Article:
Nixon and her Canadian teammates remained undefeated at the women’s curling world championships after American skip Erika Brown conceded in six ends on Sunday night in a controversial fifth draw matchup.
Both teams had heated exchanges with officials in the third and fourth ends over two disputed hog-line violations by Nixon, who was throwing third for Canada. Nixon’s sensored rock — which blinks red when its handle isn’t released in time — indicated she had hogged her throw in both the third and fourth ends.
The Canadians claimed in both instances that the handle malfunctioned.
“It was not a pleasant feeling. It was a difficult situation,” said a terse Nixon, who added with a laugh. “I’m still trying to get over it, actually.”
Canada came out strong in the first end, with skip Chelsea Carey making a difficult shot to take out the Americans’ one rock for four points. Brown just barely made a draw to earn a single in the second end, to cut into Canada’s lead and make it 4-1.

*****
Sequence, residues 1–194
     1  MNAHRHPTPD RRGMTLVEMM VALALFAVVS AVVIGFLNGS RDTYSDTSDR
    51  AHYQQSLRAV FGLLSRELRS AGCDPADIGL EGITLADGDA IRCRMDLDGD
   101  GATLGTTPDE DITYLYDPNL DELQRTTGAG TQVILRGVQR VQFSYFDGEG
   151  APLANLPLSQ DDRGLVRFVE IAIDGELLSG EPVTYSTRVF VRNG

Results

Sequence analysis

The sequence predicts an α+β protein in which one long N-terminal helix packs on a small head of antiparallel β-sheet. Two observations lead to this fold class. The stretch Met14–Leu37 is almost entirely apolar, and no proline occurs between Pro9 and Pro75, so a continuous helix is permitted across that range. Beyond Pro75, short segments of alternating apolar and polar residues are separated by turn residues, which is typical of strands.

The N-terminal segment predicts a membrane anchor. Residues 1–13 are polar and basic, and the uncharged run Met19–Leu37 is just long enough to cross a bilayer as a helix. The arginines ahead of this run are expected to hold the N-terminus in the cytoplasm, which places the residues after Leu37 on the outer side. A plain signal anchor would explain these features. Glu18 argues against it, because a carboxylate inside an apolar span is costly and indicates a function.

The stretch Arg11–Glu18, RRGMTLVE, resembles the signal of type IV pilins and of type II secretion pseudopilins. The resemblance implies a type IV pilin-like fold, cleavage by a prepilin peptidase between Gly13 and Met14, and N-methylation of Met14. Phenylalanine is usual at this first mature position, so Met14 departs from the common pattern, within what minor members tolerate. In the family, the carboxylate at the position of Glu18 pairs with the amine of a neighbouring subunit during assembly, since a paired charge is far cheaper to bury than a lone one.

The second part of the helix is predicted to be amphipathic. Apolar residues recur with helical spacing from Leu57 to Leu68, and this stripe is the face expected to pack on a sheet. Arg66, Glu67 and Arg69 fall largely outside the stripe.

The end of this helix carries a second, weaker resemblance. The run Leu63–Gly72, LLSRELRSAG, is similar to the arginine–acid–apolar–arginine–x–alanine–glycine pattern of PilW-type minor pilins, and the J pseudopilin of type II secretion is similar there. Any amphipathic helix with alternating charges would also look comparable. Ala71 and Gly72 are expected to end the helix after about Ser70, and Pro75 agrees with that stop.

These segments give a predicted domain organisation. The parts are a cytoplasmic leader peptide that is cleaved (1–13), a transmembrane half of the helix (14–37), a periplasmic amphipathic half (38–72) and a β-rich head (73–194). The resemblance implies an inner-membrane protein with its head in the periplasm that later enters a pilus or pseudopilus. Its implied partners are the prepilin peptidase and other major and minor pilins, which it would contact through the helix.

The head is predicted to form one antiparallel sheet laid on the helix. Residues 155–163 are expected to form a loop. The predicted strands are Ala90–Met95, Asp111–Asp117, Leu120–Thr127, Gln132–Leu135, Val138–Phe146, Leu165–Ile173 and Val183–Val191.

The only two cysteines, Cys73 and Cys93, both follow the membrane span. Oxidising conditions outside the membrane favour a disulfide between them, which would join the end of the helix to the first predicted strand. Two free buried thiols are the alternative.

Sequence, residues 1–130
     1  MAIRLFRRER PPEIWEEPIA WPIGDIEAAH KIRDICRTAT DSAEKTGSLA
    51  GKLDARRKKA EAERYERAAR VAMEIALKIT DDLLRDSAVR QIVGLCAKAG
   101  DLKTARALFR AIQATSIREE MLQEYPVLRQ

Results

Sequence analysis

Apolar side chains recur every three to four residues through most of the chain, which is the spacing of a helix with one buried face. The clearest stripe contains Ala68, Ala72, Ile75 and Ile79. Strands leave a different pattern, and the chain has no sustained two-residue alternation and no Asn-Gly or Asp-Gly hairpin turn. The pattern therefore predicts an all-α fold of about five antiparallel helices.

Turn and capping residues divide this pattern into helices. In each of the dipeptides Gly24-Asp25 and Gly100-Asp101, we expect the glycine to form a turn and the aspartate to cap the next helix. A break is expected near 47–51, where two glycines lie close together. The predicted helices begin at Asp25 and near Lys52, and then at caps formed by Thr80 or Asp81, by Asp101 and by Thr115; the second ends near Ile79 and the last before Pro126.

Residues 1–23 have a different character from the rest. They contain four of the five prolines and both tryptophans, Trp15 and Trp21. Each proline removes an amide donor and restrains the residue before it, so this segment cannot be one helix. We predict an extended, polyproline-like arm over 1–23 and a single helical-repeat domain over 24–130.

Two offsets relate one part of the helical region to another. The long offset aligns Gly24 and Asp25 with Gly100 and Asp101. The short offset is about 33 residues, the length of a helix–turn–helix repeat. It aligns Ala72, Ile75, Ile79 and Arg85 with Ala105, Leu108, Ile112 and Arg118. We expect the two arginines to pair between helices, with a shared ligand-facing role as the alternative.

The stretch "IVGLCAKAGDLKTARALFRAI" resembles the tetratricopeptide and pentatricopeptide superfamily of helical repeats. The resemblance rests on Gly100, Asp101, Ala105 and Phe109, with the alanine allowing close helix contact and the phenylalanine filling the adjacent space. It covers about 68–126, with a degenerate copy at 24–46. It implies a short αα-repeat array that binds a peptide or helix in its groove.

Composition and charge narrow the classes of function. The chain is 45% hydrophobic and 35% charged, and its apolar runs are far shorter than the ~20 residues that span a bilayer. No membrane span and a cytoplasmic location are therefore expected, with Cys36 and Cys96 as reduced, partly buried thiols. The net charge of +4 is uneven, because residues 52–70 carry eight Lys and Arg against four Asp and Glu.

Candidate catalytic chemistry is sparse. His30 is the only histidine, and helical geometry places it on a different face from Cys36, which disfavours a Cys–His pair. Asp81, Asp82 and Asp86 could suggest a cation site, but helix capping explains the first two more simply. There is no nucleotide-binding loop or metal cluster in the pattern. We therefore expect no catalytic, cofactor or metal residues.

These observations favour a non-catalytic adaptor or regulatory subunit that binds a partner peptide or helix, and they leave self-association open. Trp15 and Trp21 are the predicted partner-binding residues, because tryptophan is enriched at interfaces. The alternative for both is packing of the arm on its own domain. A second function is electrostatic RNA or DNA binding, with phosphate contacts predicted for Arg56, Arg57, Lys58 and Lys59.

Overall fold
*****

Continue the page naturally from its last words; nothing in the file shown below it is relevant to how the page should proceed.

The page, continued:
Canada lost its fifth stone in the third end over the first disputed hog-line violation. Canada burned its own rock after the lights turned red following Nixon’s throw. Her teammates kicked the rock aside because of the sensors, but Nixon argued that there was a handle malfunction and that her hand was clear of the handle before the hog line.
Brown and her rink pointed out that as the Canadians had burned their own stone, it couldn’t be re-thrown. Officials sided with the United States, pulling Canada’s rock.
“I’m not one to go over, but since we don’t have a jumbotron or a screen here it’s very difficult to know,” said Nixon, who had told officials during practice that her rock’s lights had been malfunctioning. “The biggest thing about that is I just wish someone had been able to tell me on the replay if I was over or not because either you’re over and you accept it or you’re not and you start to ride the officials.[…]